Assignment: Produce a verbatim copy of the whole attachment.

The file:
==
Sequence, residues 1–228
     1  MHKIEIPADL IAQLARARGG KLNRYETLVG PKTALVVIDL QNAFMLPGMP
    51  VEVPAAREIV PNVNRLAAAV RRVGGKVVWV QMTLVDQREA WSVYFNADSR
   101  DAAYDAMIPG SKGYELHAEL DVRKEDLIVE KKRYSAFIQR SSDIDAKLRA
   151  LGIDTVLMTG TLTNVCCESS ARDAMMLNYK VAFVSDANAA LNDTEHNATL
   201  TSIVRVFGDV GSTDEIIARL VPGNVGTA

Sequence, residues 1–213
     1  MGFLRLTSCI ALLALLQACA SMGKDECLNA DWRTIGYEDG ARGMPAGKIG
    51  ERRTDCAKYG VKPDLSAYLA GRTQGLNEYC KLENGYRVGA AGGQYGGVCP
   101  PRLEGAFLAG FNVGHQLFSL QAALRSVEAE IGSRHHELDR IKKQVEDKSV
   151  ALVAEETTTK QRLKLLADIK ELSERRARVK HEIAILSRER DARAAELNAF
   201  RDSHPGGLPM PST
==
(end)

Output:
Sequence, residues 1–228
     1  MHKIEIPADL IAQLARARGG KLNRYETLVG PKTALVVIDL QNAFMLPGMP
    51  VEVPAAREIV PNVNRLAAAV RRVGGKVVWV QMTLVDQREA WSVYFNADSR
   101  DAAYDAMIPG SKGYELHAEL DVRKEDLIVE KKRYSAFIQR SSDIDAKLRA
   151  LGIDTVLMTG TLTNVCCESS ARDAMMLNYK VAFVSDANAA LNDTEHNATL
   201  TSIVRVFGDV GSTDEIIARL VPGNVGTA

Sequence, residues 1–213
     1  MGFLRLTSCI ALLALLQACA SMGKDECLNA DWRTIGYEDG ARGMPAGKIG
    51  ERRTDCAKYG VKPDLSAYLA GRTQGLNEYC KLENGYRVGA AGGQYGGVCP
   101  PRLEGAFLAG FNVGHQLFSL QAALRSVEAE IGSRHHELDR IKKQVEDKSV
   151  ALVAEETTTK QRLKLLADIK ELSERRARVK HEIAILSRER DARAAELNAF
   201  RDSHPGGLPM PST